Neighborhood leaders, nonprofit groups and Cincinnati elected officials Saturday unveiled a .6 mile stretch of bike and walking path on the southern edge of Lower Price Hill.
That swath of pavement, part of the planned Ohio River West Trail, could someday allow Price Hill residents to ride the roughly two and a half miles downtown in a matter of minutes — a key, non-automotive link between the West Side and the city's core, Cincinnati Mayor John Cranley says.
The path between Evans Street and State Avenue is also part of more ambitious plans. Supporters hope that, over the next decade, the Ohio River West Trail will eventually stretch 26 miles all the way to Shawnee Lookout Park, which sits on Ohio's border with Indiana. And more progress to the east could take riders all the way to the Loveland Bike Trail someday.
The short path is also a key link in a proposed 34-mile network of paths and lanes connecting Cincinnati called CROWN, or Cincinnati Riding Or Walking Network.
Nonprofit trail advocacy group Tri-State Trails has been instrumental in envisioning and promoting CROWN. Director Wade Johnston says the path is a key part of that much larger plan.
"It's a part of a bigger vision," Johnston says. "Last year, the city opened a four-tenths of a mile segment at Gilday-Riverside Park, and the city just got started on another piece that will come east from Gilday to Fairbanks Avenue."
That 1.3 mile section, which runs to Sedamsville, is already underway.
"We're working to connect those two segments and connect this trail to downtown," Johnston said. "We're (also) trying to a create 34-mile trail loop around the city that will link up the Ohio River Trail, the Wasson Way Trail, the Mill Creek Trail and the Little Miami Trail."
CROWN could create myriad new mobility options, boosters say, especially in neighborhoods that don't have high levels of car ownership.
Despite the progress on that trail and others like Wasson Way, frustration remains among some bike supporters, mostly around the slow pace of bike infrastructure improvement and the lack of bike lanes in the city.
In 2010, Cincinnati City Council passed a citywide,15-year bike plan that called for 350 miles of bike lanes around the city. But Mayor John Cranley, who took office in 2013, much prefers bike trails, and the city's administration has generally prioritized the latter. Thus, only a tiny fraction of those 350 miles of lanes have been completed.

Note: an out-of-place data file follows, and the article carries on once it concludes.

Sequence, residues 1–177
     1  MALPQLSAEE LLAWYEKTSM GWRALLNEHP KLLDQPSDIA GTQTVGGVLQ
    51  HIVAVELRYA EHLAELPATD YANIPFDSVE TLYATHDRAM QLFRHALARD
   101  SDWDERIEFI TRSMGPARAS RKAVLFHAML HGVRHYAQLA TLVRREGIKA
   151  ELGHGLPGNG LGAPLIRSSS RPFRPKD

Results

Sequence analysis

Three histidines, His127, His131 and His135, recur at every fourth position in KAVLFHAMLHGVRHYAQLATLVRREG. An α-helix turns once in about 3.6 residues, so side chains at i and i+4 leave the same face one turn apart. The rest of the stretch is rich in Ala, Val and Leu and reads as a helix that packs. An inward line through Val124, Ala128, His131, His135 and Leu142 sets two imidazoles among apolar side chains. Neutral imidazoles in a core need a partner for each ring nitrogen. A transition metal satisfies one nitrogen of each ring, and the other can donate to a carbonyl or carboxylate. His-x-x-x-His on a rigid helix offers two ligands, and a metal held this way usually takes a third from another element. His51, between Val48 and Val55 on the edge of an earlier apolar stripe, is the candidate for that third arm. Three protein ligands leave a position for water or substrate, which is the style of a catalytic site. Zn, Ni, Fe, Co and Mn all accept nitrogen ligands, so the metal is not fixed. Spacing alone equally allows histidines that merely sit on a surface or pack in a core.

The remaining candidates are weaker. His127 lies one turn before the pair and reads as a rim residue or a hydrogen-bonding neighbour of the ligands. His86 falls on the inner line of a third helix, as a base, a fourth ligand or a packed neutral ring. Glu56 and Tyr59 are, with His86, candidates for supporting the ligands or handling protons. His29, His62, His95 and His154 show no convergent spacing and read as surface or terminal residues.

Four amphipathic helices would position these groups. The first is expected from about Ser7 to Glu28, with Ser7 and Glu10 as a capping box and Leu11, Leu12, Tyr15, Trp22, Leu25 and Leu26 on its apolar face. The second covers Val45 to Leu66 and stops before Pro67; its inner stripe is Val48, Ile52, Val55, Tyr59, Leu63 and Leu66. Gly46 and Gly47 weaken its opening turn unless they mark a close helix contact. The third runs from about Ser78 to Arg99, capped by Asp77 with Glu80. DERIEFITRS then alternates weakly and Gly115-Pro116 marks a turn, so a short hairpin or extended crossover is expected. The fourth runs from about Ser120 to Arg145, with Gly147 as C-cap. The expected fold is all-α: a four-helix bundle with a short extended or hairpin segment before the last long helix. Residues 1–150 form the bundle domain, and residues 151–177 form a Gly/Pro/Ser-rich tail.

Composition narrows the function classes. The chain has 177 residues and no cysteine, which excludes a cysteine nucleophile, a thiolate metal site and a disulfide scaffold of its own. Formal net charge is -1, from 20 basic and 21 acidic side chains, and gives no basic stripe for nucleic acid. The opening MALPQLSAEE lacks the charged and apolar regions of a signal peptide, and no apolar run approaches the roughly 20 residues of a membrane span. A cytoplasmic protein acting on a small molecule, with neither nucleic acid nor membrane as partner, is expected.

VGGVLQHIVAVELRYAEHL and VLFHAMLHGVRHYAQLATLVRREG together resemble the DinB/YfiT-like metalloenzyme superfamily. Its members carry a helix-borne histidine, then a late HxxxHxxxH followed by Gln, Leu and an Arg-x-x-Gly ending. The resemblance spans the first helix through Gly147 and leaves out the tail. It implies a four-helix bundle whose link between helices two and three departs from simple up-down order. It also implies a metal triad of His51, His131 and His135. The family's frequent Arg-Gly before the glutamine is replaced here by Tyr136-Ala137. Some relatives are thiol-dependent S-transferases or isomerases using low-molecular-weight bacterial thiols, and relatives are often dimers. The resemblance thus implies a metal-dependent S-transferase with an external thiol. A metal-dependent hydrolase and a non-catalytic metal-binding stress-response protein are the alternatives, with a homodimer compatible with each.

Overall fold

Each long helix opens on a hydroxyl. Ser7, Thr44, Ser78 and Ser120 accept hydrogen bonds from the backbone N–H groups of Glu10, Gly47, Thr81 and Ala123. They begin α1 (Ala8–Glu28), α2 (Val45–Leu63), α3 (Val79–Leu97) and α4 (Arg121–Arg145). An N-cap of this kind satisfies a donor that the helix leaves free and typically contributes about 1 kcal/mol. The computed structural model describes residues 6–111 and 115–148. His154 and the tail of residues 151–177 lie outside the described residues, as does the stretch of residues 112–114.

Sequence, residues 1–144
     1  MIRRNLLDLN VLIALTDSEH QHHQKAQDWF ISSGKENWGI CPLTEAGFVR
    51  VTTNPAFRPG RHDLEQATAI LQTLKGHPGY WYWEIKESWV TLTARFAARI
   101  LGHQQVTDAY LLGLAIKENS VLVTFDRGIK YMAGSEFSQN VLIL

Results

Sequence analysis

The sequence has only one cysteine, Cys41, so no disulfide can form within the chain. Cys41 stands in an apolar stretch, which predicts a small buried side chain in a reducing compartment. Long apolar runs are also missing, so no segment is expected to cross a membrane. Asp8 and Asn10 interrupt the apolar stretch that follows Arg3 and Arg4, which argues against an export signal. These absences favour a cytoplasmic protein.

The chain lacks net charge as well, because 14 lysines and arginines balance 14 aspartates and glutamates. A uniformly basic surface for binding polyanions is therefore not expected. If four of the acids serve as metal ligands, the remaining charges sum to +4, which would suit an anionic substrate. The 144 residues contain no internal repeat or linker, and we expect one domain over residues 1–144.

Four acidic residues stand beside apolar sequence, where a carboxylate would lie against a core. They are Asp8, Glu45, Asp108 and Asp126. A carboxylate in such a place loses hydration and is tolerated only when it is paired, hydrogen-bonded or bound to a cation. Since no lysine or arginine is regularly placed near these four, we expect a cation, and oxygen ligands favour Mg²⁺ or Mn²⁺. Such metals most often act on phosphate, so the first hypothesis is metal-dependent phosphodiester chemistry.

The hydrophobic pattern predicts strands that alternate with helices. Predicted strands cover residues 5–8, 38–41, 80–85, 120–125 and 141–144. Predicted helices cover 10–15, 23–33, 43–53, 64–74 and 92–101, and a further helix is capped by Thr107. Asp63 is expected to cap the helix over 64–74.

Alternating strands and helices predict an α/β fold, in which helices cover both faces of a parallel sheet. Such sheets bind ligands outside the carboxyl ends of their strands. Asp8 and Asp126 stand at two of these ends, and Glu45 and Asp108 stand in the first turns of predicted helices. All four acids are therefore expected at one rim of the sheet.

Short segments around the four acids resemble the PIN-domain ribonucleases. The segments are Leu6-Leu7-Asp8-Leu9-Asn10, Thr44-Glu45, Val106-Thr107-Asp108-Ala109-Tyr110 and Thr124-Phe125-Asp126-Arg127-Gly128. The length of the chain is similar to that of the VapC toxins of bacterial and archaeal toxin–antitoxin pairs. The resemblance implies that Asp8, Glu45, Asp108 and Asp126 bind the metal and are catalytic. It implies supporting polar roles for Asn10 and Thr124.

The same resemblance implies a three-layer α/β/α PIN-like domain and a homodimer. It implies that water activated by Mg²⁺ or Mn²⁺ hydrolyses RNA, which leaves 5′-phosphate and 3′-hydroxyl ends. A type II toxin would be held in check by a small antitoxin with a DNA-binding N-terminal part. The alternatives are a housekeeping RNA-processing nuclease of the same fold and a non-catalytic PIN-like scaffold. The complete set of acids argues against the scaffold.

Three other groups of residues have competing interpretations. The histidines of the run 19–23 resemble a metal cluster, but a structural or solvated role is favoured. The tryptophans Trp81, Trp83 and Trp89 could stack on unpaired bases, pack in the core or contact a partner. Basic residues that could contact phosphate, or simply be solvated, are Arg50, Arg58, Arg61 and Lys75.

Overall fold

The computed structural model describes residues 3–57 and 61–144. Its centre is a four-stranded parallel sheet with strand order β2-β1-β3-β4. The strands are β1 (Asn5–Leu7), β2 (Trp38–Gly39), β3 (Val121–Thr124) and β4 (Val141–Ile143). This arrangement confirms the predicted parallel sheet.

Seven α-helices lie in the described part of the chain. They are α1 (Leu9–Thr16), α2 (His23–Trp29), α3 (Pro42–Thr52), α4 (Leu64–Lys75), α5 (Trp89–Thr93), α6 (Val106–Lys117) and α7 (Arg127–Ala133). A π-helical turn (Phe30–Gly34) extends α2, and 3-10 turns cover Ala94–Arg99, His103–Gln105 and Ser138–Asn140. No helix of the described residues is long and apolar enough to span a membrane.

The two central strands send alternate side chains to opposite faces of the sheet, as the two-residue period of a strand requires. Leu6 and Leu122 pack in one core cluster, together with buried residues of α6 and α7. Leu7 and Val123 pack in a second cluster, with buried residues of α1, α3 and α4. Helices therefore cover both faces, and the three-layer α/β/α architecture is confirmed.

The city applied for federal grants to fund the Lower Price Hill bike path in 2014, and just completed the project this month.
The debate about the pace and trajectory of Cincinnati's bike infrastructure hasn't gone away. Department of Transportation and Engineering Interim Director John Brazina last year presented an update on the city's bike program. That update calls for completion of more paths and trails, but also highlights the funding challenges inherent in installing the more expensive off-street infrastructure, which can cost between $1 million and $3 million a mile.
On-street bike lanes are much cheaper, supporters say — about $2,000 a mile. They cost even less when roads are already being repaved by the city. Further, bike lanes are vital in some parts of the city that aren't well-served by bike paths but need better accessibility options, according to lane advocates. Those lanes can help bike commuters who may live in lower-income areas and may not have cars get to work, for example.
Cranley has said bike paths or trails are safer, as they're not on the streets, and allow for a diversity of uses.
Despite the debate, neighborhood leaders in Lower Price Hill say they're excited about their new bike path.
Lower Price Hill Community Council President Cynthia Ford said she was initially taken aback by coverage describing how short the path is.
"The more I thought about it, I realized that every good thing has to start somewhere," she said. "And what better place than Lower Price Hill?"
Ford says the path will complement community development efforts in the neighborhood, including a new affordable housing initiative called Price Hill Thrives and a nonprofit grocery store currently in the works.
"It's absolutely perfect that the Ohio River Trail West should launch here in Lower Price Hill," she said.